A $25 million fraud and money-laundering scandal that ensnared Newsweek magazine and a small, California bible college wrapped up Friday with guilty pleas from two executives who had masterminded the scheme.
Etienne Uzac, former co-owner of IBT Media, which owned Newsweek at the time; and William Anderson, former CEO of Christian Media, both pleaded guilty on Friday before Manhattan District Judge Ruth Pickholz in a bid to avoid getting tossed in the slammer. Uzac and Anderson each pleaded guilty to one count of fraud and one count of money laundering.
Judge Pickholtz accepted the guilty pleas in exchange for a promise of no jail time — but said she could revoke the offer if new information came to light before their April 20 sentencing.
If that happens, the defendants will be permitted to withdraw their guilty pleas, the judge said.
“I’m just focusing on getting this behind us,” said Uzac, who severed ties with Newsweek and IBT Media shortly after a highly publicized January 2018 raid on the storied magazine.
The guilty pleas wrap up a nearly four-year investigation by Manhattan District Attorney Cyrus Vance, which charged Uzac and Anderson with fraudulently obtaining $25 million in loans and laundering the cash through a network of corporate bank accounts including Newsweek’s.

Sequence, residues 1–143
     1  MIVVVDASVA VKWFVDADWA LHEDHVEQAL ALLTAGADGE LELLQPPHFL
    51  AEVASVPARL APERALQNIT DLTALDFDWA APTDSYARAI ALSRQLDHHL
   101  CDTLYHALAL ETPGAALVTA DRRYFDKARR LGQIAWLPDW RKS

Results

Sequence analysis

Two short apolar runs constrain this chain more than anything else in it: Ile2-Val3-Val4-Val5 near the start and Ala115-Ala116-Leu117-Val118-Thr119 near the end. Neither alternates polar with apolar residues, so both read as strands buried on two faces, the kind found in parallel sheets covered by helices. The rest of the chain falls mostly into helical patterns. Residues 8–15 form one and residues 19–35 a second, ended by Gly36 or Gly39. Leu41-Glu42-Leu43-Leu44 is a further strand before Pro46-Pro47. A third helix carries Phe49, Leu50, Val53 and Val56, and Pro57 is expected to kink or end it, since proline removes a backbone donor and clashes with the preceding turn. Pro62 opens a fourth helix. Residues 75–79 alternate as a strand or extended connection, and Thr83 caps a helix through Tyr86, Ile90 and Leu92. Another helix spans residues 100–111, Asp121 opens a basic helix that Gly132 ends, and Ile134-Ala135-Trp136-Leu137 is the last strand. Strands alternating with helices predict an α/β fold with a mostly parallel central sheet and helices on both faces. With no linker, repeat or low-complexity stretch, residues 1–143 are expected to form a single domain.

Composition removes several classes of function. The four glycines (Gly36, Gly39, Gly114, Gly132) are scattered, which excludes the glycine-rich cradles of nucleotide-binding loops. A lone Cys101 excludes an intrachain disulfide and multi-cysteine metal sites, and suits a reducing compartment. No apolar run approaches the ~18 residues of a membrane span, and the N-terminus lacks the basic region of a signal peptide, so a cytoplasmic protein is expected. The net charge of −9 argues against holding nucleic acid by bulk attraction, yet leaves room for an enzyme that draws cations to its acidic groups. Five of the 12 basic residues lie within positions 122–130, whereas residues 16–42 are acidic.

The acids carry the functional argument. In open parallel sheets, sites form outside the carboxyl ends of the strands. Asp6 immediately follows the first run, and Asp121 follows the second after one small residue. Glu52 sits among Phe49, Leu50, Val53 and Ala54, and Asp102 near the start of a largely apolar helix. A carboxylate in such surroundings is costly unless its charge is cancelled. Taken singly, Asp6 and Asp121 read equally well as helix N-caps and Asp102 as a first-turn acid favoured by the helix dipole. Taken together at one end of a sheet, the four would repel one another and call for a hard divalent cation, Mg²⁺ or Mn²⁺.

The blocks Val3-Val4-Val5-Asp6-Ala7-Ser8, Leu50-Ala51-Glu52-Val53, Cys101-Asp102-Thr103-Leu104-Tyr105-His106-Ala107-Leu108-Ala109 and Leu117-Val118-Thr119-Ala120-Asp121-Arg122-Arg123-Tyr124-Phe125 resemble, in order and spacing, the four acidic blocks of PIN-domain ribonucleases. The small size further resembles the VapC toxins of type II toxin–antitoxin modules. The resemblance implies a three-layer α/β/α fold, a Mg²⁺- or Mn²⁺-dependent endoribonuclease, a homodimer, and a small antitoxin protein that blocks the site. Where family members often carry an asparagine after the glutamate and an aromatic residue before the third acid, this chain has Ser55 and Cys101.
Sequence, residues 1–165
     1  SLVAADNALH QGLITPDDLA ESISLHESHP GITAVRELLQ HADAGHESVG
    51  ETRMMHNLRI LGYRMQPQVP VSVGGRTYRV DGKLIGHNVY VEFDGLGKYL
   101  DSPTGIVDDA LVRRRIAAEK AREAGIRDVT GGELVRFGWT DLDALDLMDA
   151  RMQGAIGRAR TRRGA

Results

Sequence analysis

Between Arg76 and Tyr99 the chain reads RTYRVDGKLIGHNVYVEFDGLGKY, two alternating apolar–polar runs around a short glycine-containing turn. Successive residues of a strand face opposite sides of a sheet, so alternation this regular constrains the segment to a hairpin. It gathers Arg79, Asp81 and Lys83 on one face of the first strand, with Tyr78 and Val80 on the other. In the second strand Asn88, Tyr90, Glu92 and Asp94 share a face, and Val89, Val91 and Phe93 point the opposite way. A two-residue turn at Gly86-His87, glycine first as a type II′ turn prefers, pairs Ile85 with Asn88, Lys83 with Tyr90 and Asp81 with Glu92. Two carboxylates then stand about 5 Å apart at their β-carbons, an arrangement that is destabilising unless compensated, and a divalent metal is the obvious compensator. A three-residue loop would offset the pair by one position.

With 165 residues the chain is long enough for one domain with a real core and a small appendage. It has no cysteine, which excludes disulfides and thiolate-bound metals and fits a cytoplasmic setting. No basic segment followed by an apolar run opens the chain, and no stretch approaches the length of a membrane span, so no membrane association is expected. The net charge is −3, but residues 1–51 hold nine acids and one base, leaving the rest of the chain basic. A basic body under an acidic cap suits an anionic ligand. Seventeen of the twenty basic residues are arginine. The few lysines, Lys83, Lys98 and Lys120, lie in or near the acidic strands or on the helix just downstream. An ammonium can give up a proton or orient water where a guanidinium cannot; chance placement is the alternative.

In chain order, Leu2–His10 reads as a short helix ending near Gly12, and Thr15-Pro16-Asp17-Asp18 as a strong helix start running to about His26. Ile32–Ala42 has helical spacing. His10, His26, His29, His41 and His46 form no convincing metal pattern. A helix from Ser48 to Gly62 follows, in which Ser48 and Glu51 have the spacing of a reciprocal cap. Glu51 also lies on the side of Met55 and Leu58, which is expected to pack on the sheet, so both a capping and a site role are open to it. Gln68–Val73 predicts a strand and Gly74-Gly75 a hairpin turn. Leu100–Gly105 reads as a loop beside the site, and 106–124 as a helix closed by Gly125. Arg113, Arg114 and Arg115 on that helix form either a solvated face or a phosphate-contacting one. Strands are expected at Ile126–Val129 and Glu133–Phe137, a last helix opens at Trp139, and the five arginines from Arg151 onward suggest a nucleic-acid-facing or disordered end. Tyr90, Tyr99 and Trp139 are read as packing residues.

Vance’s probe had included the 2018 raid on Newsweek offices, in which 18 computer servers were carted away. The investigation had already been underway for 17 months when police from the Manhattan DAs office raided the offices.
Months after the raid, the DA’s office revealed an extensive list of alleged accomplices, including Andrew Lin, chairman of the board of trustees at Olivet University; and John Xiao, Olivet’s finance director and dean of its business school.
The money-laundering charges had embroiled Newsweek in a separate controversy as staff tried to figure out what their bosses were up to. Editor-in-chief Bob Roe and executive editor Ken Li who tried to investigate the owners of the company and their ties to Olivet, a fundamentalist Christian college were fired.
Nancy Cooper was installed as editor-in-chief in February and supervised the publication of a protest letter stating that the owners of IBT Media and the Newsweek Media Group had engaged in “egregious breaches of journalistic ethics.”
They claimed a company official that was a subject of the story had asked journalists to identify confidential sources used in their reporting.
Newsweek was eventually spun off from IBT and Uzac had relinquished his ownership stake as the company sought to separate the magazine and website from the controversy.
The owners of IBT Media were all followers of the Korean cleric David Jang, whose followers were also involved in the fundamentalist Christian college Olivet University. It had a small operating campus in San Francisco and had purchased a former mental hospital in upstate New York with plans to build a second campus there. But those plans stalled.